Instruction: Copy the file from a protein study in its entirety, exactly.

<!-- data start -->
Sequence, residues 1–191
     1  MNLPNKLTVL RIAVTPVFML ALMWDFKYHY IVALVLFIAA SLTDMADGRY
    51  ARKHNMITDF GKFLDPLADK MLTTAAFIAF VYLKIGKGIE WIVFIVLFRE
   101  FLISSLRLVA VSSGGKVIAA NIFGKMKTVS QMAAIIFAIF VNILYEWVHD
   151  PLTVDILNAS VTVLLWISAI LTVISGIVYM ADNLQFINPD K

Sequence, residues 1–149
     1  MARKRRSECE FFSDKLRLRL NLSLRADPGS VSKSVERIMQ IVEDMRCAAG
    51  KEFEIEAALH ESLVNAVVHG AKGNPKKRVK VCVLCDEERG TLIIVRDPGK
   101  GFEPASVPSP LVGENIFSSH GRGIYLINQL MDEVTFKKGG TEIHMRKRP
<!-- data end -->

Sequence, residues 1–191
     1  MNLPNKLTVL RIAVTPVFML ALMWDFKYHY IVALVLFIAA SLTDMADGRY
    51  ARKHNMITDF GKFLDPLADK MLTTAAFIAF VYLKIGKGIE WIVFIVLFRE
   101  FLISSLRLVA VSSGGKVIAA NIFGKMKTVS QMAAIIFAIF VNILYEWVHD
   151  PLTVDILNAS VTVLLWISAI LTVISGIVYM ADNLQFINPD K

Sequence, residues 1–149
     1  MARKRRSECE FFSDKLRLRL NLSLRADPGS VSKSVERIMQ IVEDMRCAAG
    51  KEFEIEAALH ESLVNAVVHG AKGNPKKRVK VCVLCDEERG TLIIVRDPGK
   101  GFEPASVPSP LVGENIFSSH GRGIYLINQL MDEVTFKKGG TEIHMRKRP